[Translator’s notes appear in square brackets]

[Personal information has been redacted.]


The Difficult Task of Monitoring Constitutional Compliance[1]

Section 7, Minorities

[Page:] 611, 612, 613


Breaches of Article 28 of the Constitution in relation to Some Minorities


In the Name of God


Number 78-910

Date: 26 Mordad 1378 [17 August 1999]


To His Honour Hojjatol-Islam Mr. Khatami

Esteemed President


As you are aware, Article 28 of the Constitution declares that “People are free to choose whatever profession they wish, as long as this profession is not against Islam, public interest, and the rights of others.  In considering the needs of society for different occupations, the government is required to provide favourable circumstances for the equal employment of all persons.”

As you can see, this Article refers to three important principles:

  1. The principle of freedom to work for all, namely, at least, all citizens of Iran, regardless of racial, ethnic, linguistic, or religious background.
  2. The duty of the government to create equal work opportunities for all people, namely, regardless of racial, ethnic, linguistic, or religious background.
  3. Legitimacy in exceptional cases of limiting freedom of choice in work where the job in question is against public interest or the rights of others.

Our Committee has been receiving complaints from some people and groups, particularly officially unrecognized religious minorities, which indicate that Article 28 of the Constitution may have been breached.  We hereby present two cases to Your Honour, which indicate egregious violations of this principle of the Constitution, and which Your Honour has the ability to resolve, particularly the first case:

  1. An individual by the name of Dr. Jamshid Farsi, a veterinarian, has complained that the Department of Veterinary Medicine has refused to give him a work permit to engage in practicing veterinary medicine because he is a Baha’i.  Upon investigation, it was discovered that the refusal by the Department of Veterinary Medicine to issue a licence to the above-mentioned individual was in accordance with Article 12 of the Executive Regulation [of] Article 10 of the Department of Veterinary Medicine Act, enacted by the Cabinet in 1373 [1994-1995], which conditions the issuance of a permit to engage in veterinary medicine upon being a believer in one of the official religions of the country. (A copy of the aforementioned article is attached.). Given that it does not seem that the engagement of a person who is not a believer in one of the official religions of the country would be against Islam or the public interest and the rights of others, this item in the aforementioned Executive Regulation appears to be against the Constitution.  If Your Honour agrees with this assessment, the easiest route would be for you to order the legal assistant to the president to prepare an amendment to this Executive Regulation and get it approved by the cabinet, or to take necessary action in any other way you deem appropriate.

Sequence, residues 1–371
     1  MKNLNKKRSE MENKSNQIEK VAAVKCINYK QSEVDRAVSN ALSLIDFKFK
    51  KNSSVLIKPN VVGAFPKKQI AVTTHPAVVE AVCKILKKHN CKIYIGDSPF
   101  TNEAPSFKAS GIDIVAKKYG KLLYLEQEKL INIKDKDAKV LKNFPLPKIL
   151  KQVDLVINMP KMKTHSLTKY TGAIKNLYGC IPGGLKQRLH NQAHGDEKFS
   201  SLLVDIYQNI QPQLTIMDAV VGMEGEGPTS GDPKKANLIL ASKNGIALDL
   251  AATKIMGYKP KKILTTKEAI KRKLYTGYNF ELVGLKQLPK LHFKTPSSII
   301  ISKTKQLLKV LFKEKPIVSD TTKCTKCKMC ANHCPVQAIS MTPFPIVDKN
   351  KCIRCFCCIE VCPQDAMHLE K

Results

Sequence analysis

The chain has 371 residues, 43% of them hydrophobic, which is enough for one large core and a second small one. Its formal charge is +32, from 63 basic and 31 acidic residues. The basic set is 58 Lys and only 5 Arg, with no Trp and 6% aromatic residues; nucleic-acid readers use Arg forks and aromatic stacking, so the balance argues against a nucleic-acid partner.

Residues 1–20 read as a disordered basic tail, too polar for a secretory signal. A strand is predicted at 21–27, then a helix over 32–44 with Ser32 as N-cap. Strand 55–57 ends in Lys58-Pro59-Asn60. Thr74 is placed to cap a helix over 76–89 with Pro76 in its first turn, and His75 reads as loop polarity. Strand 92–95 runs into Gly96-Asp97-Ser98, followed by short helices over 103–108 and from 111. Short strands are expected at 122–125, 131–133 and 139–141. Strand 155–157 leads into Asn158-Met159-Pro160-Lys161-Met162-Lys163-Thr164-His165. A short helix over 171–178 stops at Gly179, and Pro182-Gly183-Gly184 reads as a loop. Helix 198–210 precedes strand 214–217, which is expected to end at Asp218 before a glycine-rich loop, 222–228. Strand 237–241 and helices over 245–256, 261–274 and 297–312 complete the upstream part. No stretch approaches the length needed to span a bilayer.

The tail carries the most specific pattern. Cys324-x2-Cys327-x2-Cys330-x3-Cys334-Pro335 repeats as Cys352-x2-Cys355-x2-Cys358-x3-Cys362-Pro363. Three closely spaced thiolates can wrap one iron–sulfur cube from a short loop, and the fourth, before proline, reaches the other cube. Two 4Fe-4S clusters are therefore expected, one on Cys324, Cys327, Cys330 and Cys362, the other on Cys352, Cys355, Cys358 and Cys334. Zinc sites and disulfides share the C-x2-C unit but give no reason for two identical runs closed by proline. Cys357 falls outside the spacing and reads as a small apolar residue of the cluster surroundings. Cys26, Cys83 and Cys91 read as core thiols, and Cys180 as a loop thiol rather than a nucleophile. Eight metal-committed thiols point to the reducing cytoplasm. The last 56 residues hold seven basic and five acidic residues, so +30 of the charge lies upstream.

2. An individual by the name of Dianat Dehghani, from Abadeh, has complained that he was dismissed from the Department of Education in 1359 because of being a Baha’i.  In order to make a living, he opened a welding shop.  [That shop] was subsequently closed by the trade union, which did not give him a work permit.  Given that we had other similar complaints, we asked the authorities of commercial affairs in Abadeh for an explanation.  Finally, the secretary of the Trade Union of Abadeh stated to the Committee that an inquiry about religious law had been made from His Holiness the Imam (rest in peace) regarding work and earning a living by the perverse sect, and the Imam had responded:

“It is mandatory to avoid any kind of social relationship and trade with this perverse sect….”  And because giving a business permit to these individuals and their work in the commercial centre of the Muslims might result in people socializing and conducting business with them, those who issue such a permit would be participating in facilitating a prohibited business act; therefore, they have refrained from issuing a business permit.  A copy of the letter of inquiry about religious law and the letter from the Secretary of Trade Union Affairs are enclosed.  As you can see, the rest of the reply by His Holiness the Imam (RIP) to the inquiry states that, “Regarding the ordinances of the government, the government’s opinion must be upheld.”

Some people raise the possibility that the first part of the reply from His Holiness the Imam (RIP) regarding the prohibition of socializing and doing business refers to an individual’s personal duty, and the part that governs giving or rescinding a business licence is relegated to the official law of the government, which is developed and enforced in the interest of social order and the Constitution, and protecting the basic civil rights of individuals.  However, in any case, because the issue has been dealt with according to the religious fatwa of the imam, this Committee deemed it best to inform Your Honour about it so that you would issue the necessary executive order upon getting the religious opinion of the esteemed leader, if needed.


Hosein Mehrpour

[Legal] Counsel to the President and Head of Committee for Investigation and Overseeing the Enforcement of the Constitution


[1] From a book: The Difficult Task of Monitoring Constitutional Compliance- Vazifeh Doshvar-e Nezarat bar Ejraeh Ghanoon-e Asasee 1376 – 1384 (1997-2006). Dr. Hosein Mehrpour, Tehran, Saales Publication, 1384 (2005)